• Pay and use toilet facility is available inside the Dzong.
  • The Ministry of Health will have a clinic set up with ambulance outside the Dzong in case of any emergencies.


Trongsa Tsechu
Trongsa Tsechu is held inside Trongsa Dzong. Trongsa Tsechu is one the oldest Tsechu in Bhutan. It is believed the Tsechus in Bhutan was spread from Trongsa. Most of the Champoen or the mask dance teachers, learned in Trongsa. On the last day of the Trongsa Tsechu, giant Thongdrel or Thangkha is unfurled.

It is mostly seen that even the tourist make their trip plans according to the popular Indian fairs and festivals.





India is globally well known as a land of vivacious celebration. The best time to experience the culture and life of India is during fairs and festivals. All the festivals are celebrated with high spirit and enthusiasm in each and every town. Behind each fair and festival there is a noble reason based upon rituals, legends, traditions, history, while many shows devotion towards the deities of various religions. When talking about tourism these fairs and festivals capture the attraction of all people.

In Ladakh every occasion marriage, birth, harvesting, commemoration of head Lamas founding of the monastery, Losar (new year) and flowering is marked by feasting, dancing and the singing of folksongs that forms a part of its living heritage. Most of the festivals are held in winter but some popular festival take place in summer too. The monastic festivals are the heart of all the festivals. They are performed by Monks wearing colorful silk garments and different facial mask.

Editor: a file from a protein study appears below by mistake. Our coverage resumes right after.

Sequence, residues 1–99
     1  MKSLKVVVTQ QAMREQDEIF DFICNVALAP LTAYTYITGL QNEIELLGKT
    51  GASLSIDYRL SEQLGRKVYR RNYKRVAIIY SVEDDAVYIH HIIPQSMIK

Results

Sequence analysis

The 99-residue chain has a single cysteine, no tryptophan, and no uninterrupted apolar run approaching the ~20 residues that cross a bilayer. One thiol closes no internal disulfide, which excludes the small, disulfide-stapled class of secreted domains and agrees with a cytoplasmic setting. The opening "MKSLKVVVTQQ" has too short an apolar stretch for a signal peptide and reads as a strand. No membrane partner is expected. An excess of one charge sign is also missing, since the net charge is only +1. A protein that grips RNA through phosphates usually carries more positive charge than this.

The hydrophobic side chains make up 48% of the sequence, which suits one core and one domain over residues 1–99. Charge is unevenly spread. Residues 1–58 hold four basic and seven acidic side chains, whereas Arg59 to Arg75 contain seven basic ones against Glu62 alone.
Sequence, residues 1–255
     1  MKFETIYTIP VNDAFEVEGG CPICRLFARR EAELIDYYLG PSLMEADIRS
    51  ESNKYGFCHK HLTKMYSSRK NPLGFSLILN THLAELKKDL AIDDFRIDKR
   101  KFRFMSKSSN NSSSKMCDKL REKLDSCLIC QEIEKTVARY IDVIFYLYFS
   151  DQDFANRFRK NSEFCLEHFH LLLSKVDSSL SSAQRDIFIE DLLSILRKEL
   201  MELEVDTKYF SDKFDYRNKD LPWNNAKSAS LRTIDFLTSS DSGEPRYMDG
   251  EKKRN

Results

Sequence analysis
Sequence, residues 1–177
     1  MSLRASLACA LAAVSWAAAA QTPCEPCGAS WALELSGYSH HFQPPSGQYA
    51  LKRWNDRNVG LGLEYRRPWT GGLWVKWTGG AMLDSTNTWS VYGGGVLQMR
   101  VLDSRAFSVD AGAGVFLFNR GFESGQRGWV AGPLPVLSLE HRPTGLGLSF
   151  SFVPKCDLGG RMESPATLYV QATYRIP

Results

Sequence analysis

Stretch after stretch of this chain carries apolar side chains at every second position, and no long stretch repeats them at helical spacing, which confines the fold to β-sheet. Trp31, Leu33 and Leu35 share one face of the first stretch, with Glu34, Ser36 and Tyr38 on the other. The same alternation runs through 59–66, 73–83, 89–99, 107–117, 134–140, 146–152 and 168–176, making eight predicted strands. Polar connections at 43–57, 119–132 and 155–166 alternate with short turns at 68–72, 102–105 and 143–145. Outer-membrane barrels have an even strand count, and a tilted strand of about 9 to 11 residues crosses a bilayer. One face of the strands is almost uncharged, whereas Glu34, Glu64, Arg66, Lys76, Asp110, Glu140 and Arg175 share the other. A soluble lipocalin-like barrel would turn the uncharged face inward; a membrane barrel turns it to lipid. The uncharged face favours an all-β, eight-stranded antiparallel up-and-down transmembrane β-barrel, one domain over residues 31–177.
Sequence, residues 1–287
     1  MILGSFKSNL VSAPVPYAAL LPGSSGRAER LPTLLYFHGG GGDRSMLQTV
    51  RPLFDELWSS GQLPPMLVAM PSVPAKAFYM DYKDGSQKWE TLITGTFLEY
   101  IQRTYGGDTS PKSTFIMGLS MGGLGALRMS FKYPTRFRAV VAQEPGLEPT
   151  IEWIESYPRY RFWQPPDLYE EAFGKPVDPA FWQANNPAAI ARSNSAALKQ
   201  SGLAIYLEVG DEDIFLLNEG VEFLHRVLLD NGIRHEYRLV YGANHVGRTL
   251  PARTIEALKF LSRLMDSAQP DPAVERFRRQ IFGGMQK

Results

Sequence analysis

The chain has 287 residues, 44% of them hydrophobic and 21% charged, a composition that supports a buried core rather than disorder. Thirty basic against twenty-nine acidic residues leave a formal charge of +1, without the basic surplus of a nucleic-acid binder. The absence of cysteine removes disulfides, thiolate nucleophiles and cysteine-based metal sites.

The core event of the monastic festival is a highly choreographed ritual dance-drama known as ‘Chhams’, which is directed by the ‘Chham-spon’, the mystic dance master of the monastery. The dances are performed not only to dramatise the esoteric philosophy of the event, for the benefit of the lay devotees, but also by way of ritual offerings to the tutelary deities of the monastery and the guardians of the faith.